Disclaimer of leases – when insolvency and futsal collide

By Daniel Fleming

A little while ago we posted about the risks of rushing to lodge a caveat when in fact there is no caveatable interest. It is possible however, for an interest that is caveatable at the time of lodgement to lose its status as an interest in land if the agreement underpinning the interest is disclaimed

Don’t shoot the messenger – liability for third party posts and comments

By Ray Travers

Any organisation that engages with a social media platform assumes the risk that comments made on that platform may result in liability under various laws, including the law of defamation. Your organisation can minimise its exposure by implementing policies and procedures to ensure that all comments posted to the organisation’s social media pages are reviewed

When there’s a will, there may not always be a way

By Allison Wood

Despite being one of the most important documents that you will ever prepare, careless drafting or simple errors can lead to your will being invalidated. Although you cannot completely eliminate the possibility of a dispute arising in relation to your will, a well drafted will can significantly reduce that likelihood. You should consider updating your

Charging clauses over director’s property in supply contracts – are they effective?

By Daniel Fleming

Quick overview Supply contracts that include director’s guarantees often contain “fine print” charging clauses that charge any land which the director owns as security for the director’s guarantee obligations. This allows the supplier to lodge a caveat over land owned by the director. Generally speaking, these clauses are legally effective. Guarantee and charging clauses in

Are your “Top Executives” on written employment agreements?

By Bruce Gotterson

Last week we sent a Newsletter to clubs reminding secretaries and directors that they can be personally liable for a penalty of up to $11,000.00 if the club itself contravenes an “offence provision” of the Accountability Code. In response we have had a number of questions about the Accountability Code including a club’s obligations in

If an employee causes the Club to breach the Code are you personally liable?

By Bruce Gotterson

There is an old riddle: “If a tree falls in the woods and no one hears it, does it make a noise?” A newer more relevant riddle is perhaps: “if an employee causes a club to breach an offence provision of the Registered Clubs Accountability Code and the club’s secretary and the board are unaware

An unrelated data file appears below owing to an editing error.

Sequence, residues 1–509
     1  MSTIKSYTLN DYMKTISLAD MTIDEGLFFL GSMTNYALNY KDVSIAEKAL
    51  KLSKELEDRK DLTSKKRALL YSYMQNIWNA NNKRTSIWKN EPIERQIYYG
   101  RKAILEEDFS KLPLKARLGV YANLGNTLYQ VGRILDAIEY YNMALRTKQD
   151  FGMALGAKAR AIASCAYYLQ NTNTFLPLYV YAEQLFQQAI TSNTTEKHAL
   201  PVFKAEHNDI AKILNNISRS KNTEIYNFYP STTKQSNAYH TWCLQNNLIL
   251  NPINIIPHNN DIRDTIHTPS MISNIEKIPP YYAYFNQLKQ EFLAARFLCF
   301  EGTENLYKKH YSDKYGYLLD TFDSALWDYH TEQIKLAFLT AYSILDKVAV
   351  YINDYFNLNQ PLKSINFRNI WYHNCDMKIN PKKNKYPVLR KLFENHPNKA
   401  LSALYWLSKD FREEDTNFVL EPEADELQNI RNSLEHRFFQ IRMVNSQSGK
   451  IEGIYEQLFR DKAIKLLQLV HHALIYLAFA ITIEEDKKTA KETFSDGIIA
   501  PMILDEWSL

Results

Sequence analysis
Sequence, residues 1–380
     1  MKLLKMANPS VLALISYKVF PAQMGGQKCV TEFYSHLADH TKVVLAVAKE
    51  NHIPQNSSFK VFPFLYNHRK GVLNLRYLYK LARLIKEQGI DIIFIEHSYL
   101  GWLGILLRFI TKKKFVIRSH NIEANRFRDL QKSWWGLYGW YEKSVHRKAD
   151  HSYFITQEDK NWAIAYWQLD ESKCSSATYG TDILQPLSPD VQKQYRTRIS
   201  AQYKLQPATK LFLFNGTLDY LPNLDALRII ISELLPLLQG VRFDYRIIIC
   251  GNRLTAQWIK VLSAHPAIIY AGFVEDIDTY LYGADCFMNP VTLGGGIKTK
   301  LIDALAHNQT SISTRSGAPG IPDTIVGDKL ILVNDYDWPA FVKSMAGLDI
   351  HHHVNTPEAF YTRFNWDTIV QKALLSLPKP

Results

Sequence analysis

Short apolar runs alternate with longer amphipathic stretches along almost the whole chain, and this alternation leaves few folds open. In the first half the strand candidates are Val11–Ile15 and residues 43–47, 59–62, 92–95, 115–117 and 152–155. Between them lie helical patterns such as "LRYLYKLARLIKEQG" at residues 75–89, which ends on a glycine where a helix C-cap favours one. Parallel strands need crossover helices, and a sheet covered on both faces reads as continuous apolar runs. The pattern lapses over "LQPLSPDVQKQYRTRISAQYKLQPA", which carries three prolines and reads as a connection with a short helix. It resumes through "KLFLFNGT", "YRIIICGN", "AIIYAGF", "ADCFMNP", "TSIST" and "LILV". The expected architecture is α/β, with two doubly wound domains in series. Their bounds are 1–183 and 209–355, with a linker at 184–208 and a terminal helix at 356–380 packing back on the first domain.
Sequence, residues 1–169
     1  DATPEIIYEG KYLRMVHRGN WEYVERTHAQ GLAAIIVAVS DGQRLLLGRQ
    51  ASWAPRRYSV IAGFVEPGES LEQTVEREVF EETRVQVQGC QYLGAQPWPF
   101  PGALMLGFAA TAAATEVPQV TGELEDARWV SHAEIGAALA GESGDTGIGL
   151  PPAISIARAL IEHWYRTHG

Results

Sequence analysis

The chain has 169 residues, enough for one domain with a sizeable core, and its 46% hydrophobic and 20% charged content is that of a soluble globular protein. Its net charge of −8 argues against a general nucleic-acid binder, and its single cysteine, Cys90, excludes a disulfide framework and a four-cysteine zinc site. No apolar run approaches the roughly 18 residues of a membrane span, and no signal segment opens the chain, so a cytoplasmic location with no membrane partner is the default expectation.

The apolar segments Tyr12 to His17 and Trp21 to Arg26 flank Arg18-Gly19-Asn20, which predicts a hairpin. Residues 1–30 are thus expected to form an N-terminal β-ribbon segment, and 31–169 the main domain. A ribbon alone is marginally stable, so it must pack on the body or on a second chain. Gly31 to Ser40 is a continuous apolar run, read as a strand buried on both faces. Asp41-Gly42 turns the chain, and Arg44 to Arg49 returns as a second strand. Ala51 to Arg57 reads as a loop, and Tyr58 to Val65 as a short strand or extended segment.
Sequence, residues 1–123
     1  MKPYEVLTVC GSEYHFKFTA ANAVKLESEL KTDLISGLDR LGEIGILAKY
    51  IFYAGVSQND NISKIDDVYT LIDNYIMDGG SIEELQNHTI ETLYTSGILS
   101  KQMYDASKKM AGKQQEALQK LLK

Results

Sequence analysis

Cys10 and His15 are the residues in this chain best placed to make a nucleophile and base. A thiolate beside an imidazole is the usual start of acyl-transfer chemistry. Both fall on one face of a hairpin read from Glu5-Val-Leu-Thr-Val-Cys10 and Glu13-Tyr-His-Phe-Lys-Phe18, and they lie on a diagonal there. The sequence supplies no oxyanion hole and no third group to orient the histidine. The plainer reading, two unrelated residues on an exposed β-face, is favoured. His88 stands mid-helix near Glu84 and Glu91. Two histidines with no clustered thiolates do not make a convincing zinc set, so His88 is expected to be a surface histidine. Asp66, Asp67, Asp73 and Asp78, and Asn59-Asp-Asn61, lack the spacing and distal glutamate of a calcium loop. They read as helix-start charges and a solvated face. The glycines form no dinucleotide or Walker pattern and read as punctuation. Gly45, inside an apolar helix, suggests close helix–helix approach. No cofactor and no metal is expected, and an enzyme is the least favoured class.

To produce or not to produce?

By Daniel Fleming

Privacy issues may arise when an individual or organisation is issued with a notice to produce specified books under section 77A of the Bankruptcy Act 1966 (Cth). Failure to properly comply with section 77A notice can attract a prison sentence of up to twelve months. Care should be taken to ensure that personal information which

How to avoid third party funding issues delaying your commercial construction project

By Brent Wilson

A builder has been selected, the Construction Contract has been negotiated and signed and all the relevant consents required to complete the construction project have been obtained.   Both you and the builders are ready to commence work to meet your deadline. The only problem –  the funding that you require to undertake your work from

What are the odds of a problem with increasing your gaming revenue?

By Matt Goodwin

It is January already and Christmas now seems a distant memory. Last year was a particularly busy one for Pigott Stinson with a number of clubs developing land into retirement villages, childcares and even breweries. A key motivator for many of the projects we worked on was a desire by clubs not to be solely

Club managers more likely to face personal liability under three strikes regime

By Matt Goodwin

Key Points The 3 strikes regime has changed. For a club to receive a strike the CEO personally must be charged with the prescribed offence. Licensing Police are now more likely to charge CEOs personally. CEOs should review the Club’s policies and procedures. CEOs should seek urgent legal advice if they or the Club receive

Legal update: casual employees

By Nigel Salmons

There have recently been two important changes to the law regarding casual employees: casual conversion – the right for certain casual employees to request that their casual employment be converted to permanent employment; and “deemed” permanency – a return to the traditional view of the Courts that a casual employee will be “deemed” permanent in certain

Plugging the leak – dealing with data breaches

By Leonie Kyriacou

Summary The “Notifiable Data Breaches” scheme requires a range of businesses to notify individuals and the Office of the Australian Information Commissioner when certain data breaches occur. Fines for failing to comply with the NDB Scheme are up to $2.1 million. Businesses can minimise their potential liability by implementing a Data Breach Response Plan, ensuring